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Over the last ten years, the conditions in which humanitarian organisations operate in the Sahel region have continued to deteriorate, as the local and regional conflicts between the region's states and the many insurgencies led by radical jihadist groups have intensified. Providing assistance to the hundreds of thousands of displaced people generated by the war, maintaining previous projects, and even creating new ones in very precarious security conditions: this is the challenge facing aid actors. While the massacres of civilians continue, humanitarian workers are not spared from violence either, as instances of kidnappings of both international and local staff, assassinations, and attacks on buildings have all taken place. Is the risk incurred by humanitarian workers acceptable? How to negotiate with insurgents? To what extent do anti-terrorism laws act as a constraint on operations? What questions does profiling raise? This panel will attempt to explore the security policies of relief organisations working in Mali, Niger and Burkina Faso, and the negotiation strategies deployed to determine the conditions for a working space for international solidarity in the Sahel countries.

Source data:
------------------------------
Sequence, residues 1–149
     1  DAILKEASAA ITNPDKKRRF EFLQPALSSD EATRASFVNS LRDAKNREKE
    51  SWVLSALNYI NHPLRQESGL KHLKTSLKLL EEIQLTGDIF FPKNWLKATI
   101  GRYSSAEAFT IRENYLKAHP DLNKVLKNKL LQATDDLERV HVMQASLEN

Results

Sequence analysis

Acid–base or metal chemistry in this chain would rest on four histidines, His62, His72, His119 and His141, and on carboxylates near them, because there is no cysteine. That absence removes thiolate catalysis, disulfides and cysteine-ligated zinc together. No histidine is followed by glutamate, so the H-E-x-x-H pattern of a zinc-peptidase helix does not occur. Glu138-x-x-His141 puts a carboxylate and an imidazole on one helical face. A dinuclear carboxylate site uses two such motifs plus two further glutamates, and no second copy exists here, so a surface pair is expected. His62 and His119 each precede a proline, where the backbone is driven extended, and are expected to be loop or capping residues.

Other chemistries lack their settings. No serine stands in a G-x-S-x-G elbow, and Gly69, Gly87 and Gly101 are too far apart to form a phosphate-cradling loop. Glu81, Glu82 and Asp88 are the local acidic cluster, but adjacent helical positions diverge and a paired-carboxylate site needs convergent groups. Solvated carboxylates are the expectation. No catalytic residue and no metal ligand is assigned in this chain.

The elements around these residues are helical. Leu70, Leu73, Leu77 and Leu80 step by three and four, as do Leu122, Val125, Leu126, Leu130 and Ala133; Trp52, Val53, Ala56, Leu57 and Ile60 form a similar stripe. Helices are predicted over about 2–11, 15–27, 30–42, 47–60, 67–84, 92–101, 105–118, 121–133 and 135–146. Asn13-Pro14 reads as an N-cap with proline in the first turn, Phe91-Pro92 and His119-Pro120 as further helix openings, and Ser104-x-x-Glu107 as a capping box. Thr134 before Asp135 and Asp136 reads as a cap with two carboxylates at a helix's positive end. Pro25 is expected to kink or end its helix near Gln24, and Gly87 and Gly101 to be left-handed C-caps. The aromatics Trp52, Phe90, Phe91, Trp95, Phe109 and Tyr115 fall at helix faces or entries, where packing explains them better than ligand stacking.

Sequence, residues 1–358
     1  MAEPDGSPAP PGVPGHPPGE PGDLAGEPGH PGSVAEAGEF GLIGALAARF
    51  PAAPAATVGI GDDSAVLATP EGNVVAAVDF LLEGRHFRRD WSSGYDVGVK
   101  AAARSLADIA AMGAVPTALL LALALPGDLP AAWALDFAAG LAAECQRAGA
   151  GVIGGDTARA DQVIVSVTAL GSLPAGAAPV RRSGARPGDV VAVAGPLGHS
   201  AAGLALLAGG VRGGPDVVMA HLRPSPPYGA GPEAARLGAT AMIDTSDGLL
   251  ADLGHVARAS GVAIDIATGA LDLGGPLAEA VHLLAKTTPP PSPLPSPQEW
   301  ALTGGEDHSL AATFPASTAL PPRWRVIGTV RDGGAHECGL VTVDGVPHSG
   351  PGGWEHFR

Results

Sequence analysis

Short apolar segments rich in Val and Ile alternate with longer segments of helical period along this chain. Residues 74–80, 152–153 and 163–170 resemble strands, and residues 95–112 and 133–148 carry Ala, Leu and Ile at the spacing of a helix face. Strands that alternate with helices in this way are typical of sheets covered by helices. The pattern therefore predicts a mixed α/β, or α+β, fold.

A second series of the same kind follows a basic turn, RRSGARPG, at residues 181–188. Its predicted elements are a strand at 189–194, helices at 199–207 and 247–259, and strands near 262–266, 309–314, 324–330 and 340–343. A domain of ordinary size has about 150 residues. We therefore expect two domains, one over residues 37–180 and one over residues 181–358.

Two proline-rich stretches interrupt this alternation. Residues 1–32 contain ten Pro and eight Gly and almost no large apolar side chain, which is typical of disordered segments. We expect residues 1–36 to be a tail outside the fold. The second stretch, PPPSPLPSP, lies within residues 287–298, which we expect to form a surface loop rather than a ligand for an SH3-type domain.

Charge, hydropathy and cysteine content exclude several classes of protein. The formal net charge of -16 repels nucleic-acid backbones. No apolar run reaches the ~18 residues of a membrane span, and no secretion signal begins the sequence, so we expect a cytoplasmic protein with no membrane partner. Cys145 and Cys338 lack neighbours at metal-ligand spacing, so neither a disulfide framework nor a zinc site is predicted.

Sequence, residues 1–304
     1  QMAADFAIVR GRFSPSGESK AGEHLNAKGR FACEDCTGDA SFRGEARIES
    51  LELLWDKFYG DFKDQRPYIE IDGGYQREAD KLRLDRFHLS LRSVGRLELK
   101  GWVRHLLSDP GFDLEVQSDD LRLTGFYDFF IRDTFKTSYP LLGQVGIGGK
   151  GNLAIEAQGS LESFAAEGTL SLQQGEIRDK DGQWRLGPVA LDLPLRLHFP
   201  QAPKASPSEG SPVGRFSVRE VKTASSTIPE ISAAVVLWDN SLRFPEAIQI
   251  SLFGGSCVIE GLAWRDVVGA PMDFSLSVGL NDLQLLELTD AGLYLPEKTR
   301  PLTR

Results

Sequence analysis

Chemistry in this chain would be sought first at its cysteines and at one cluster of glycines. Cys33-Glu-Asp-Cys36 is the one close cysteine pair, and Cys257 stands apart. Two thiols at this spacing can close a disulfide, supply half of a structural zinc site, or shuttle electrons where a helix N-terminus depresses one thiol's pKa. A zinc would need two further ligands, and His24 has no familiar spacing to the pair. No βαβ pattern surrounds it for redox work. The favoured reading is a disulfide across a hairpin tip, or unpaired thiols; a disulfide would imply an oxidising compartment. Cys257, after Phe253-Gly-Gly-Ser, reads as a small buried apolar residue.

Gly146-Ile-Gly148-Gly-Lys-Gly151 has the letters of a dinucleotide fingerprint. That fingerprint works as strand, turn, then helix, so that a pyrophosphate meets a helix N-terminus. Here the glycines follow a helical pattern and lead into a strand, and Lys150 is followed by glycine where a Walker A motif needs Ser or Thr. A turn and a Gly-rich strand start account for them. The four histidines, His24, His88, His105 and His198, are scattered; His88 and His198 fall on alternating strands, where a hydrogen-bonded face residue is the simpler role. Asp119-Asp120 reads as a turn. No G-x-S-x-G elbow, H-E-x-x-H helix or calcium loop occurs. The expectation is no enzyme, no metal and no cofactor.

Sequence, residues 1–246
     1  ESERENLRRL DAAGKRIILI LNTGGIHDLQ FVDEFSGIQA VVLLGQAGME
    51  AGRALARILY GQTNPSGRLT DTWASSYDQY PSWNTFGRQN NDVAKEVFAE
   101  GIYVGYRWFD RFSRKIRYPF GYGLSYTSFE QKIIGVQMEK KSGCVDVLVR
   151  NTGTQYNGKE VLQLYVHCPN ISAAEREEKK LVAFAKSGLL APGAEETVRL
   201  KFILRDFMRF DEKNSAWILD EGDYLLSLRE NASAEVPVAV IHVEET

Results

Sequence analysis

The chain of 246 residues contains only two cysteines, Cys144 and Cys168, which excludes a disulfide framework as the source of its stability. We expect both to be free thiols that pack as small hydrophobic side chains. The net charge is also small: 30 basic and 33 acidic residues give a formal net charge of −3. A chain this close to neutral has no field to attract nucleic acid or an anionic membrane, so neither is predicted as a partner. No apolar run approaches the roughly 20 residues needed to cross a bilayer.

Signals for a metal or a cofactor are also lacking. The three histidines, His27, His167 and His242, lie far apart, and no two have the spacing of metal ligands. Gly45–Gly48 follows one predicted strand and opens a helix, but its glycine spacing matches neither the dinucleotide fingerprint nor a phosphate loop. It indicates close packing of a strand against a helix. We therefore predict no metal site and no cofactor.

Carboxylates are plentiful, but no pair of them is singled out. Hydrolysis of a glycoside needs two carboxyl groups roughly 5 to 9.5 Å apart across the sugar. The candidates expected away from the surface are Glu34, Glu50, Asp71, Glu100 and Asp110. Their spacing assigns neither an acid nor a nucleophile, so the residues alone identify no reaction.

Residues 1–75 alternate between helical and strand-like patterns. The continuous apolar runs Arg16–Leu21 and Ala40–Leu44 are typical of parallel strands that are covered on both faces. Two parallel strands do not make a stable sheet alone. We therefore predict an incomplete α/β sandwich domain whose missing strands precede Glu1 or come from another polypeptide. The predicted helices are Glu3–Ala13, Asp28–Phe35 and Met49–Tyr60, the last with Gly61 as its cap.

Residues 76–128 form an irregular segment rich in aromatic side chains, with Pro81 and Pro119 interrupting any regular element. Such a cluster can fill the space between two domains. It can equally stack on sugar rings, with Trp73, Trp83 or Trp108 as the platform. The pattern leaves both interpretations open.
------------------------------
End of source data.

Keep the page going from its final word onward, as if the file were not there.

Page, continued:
Possible papers :
- Michaël Neuman, Director of Studies - CRASH: Should we discriminate in order to act? Profiling: a necessary but debated practice
- Stuart Gordon
- Yvan Guichaoua